[23] Xia, J. C., Ren, X., Liu, J. J., et al., 2012. Positioning of Lunar High-Precision Control Points on Chang'E-1/2 Original Images. Journal of Jilin University(Earth Science Edition), 42(Suppl. 2): 460-468 (in Chinese with English Abstract)
    [24] Xinhua News Agency, 2012. China Released a High Resolution Global Map of the Moon. (2012-02-06) [2015-2-10]. http://www.chinanews.com/gn/2012/02-06/3646635.shtml
    [25] Xue, B., Zhao, B. C., Yang, J. F., et al., 2011. Auto-Compensation of Velocity-Height Ratio for Chang'E-2 Satellite CCD Stereo Camera. Science China Technological Sciences, 54(9): 2243-2246. doi:10.1007/s11431-011-4517-7
    [26] Ye, M. J., Li, J., Liang, Y. Y., et al., 2011. Automatic Seamless Stitching Method for CCD Images of Chang'E-1 Lunar Mission. Journal of Earth Science, 22(5): 610-618. doi:10.1007/s12583-011-0212-7
    [27] Zhang, J. X., Deng, K. Z., Cheng, C. Q., et al., 2010. Study on High-Accuracy Orientation with Lunar Remote Sensing Imagery. Journal of Remote Sensing, 14(3): 423-436
    [28] Zhao, B. C., Yang, J. F., Wen, D. S., et al., 2009. Design and On-Orbit Measurement of Chang'E-1 Satellite CCD Stereo Camera. Spacecraft Engineering, 18(1): 30-36 (in Chinese with English Abstract)
    [29] Zhao, B. C., Yang, J. F., Wen, D. S., et al., 2011. Chang'E-2 Lunar Orbiter CCD Stereo Camera Design and Validation. Spacecraft Engineering, 20(1): 14-21 (in Chinese with English Abstract)
    [30] Zitová, B., Flusser, J., 2003. Image Registration Methods: A Survey. Image and Vision Computing, 21(11): 977-1000. doi:10.1016/s0262-8856(03)00137-9
  • 加载中
通讯作者: 陈斌, bchen63@163.com
  • 1. 

    沈阳化工大学材料科学与工程学院 沈阳 110142

  1. 本站搜索
  2. 百度学术搜索
  3. 万方数据库搜索
  4. CNKI搜索

Figures(13) / Tables(2)

Article Metrics

Article views(3145) PDF downloads(885) Cited by()

Related
Proportional views

Automatic Stitching Method for Chang'E-2 CCD Images of the Moon

    Corresponding author: Zhanchuan Cai, zccai@must.edu.mo
  • 1. School of Information Technology, Beijing Normal University, Zhuhai 519087, China
  • 2. Faculty of Information Technology, Macau University of Science and Technology, Macau, China
  • 3. School of Information Technology, Tsinghua University, Beijing 100084, China

Abstract: The lunar map is a product of primary scientific objectives of lunar exploration. Aiming at the characteristics of the Chang'E-2 CCD data, an automatic stitching method used for 2C level CCD data from Chang'E-2 lunar mission is proposed. Combining with the image registration technique and the characteristics of Chang'E CCD images, the fast method proposed not only can overcome the contradiction of the high spatial resolution of the CCD images and the low positioning accuracy of the location coordinates, but also can speed up the processing and minimize the utilization of human resources to produce lunar mosaic map. Meanwhile, a new lunar map from 70°N to 70°S with spatial resolution of less than 10 m has been completed by the proposed method. Its average relative location accuracy of the adjacent orbits CCD image data is less than 3 pixels.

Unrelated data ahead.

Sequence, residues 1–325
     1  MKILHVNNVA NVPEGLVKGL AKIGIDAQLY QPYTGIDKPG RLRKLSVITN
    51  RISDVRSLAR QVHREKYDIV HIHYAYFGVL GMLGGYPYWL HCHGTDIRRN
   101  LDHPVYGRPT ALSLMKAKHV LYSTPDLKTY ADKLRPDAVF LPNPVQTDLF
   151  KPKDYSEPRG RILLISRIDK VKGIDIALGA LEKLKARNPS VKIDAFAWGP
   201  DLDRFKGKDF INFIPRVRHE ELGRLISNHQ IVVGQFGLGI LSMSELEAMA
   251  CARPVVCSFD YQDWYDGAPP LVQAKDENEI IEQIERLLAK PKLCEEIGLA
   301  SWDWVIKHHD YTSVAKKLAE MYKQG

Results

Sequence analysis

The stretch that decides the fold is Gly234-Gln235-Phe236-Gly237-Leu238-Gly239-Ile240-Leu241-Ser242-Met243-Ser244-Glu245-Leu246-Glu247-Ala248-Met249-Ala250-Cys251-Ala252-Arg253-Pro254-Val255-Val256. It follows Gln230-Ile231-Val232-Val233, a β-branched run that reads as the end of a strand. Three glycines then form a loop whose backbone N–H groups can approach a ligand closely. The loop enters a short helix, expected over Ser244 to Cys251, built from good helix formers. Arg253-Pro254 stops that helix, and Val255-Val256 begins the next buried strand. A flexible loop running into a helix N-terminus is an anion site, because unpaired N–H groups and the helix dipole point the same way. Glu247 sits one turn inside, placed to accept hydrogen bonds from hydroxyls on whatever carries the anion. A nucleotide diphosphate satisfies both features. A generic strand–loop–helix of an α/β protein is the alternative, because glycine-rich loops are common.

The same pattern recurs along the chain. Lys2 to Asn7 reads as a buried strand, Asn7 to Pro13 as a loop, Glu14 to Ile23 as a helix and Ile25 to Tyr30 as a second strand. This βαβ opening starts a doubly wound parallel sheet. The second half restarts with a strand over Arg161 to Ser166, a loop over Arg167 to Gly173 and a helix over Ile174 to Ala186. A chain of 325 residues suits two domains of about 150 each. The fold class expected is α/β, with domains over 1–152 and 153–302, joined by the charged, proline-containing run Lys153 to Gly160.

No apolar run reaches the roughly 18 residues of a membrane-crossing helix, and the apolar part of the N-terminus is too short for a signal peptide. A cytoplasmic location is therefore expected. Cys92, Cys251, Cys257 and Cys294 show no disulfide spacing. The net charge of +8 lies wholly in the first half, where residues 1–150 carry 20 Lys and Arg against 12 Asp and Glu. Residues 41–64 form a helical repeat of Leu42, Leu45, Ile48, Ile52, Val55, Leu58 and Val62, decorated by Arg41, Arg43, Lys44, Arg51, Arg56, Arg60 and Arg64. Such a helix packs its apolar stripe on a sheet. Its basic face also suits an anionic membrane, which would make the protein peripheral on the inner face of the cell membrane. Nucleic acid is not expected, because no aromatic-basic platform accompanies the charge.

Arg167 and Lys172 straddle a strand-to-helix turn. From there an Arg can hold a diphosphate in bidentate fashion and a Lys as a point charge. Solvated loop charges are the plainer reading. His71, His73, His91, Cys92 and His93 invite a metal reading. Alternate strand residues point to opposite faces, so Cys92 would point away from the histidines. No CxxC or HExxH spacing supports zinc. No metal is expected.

0.   INTRODUCTION
  • In the early 21st century, international lunar exploration activities became frequent due to the plan of human return to the Moon. The SMART-1 (European Space Agency, 2003), Kaguya (Japan, 2007), Chang’E-1 (China, 2007), Chandrayaan-1 (India, 2008), LRO (Lunar Reconnaissance Orbiter, the United States, 2009), Chang’E-2 (China, 2010), LADEE (Lunar Atmosphere and Dust Environment Explorer, the United States, 2013) and Chang’E-3 (China, 2013) lunar missions have achieved great success subsequently.

    Remote sensing can provide a global view of the composition of the lunar surface. It may be implemented by electromagnetic wave with different wave lengths that include visible light, near infrared, microwave, X/gamma-ray, ultraviolet and so on. The high resolution visible images are the best way of getting this kind of information (Dunkin and Heather, 2000). Nowadays, the CCD (charge couple device) camera is a usual principal payload on the lunar satellite to obtain digital images. The camera specification of Smart-1, Chang’E, Kaguya, Chandrayaan-1 and LRO are shown in Table 1 (Jin et al., 2013).

    Mission CCD Camera Spectral range (μm) Spatial resolution (m/pixel) Swath (km) Coverage
    Smart-1 Micro-camera 0.75, 0.915, 0.96 80 - Local
    Chang’E-1 SC: stereo camera 0.5-0.75 120 60 100%
    Chang’E-2 Stereo camera < 10 ≥43 100%
    (100 km×100 km orbit) 0.45-0.52
    Stereo camera < 1.5 ≥6 Local
    (100 km×15 km orbit)
    Kaguya TC: terrain camera 0.43-0.85 10 40 92.4%
    Chandrayaan-1 TMC: terrain mapping camera 0.5-0.75 5 20 Local
    LRO NAC: (narrow-angle camera) 0.55 0.5 5 55.9%
    WAC: (wide-angle camera) 0.3-0.68 100 5 100%

    Table 1.  Camera specification of Smart-1, Chang’E, Kaguya, Chandrayaan-1 and LRO missions

    Furthermore, image map plays a significant role in the investigation of the solid planets. Production of the global image map of the Moon has always been one of the most important aspects of lunar exploration and scientific research. It is the basic and direct material to study the surface features of the Moon.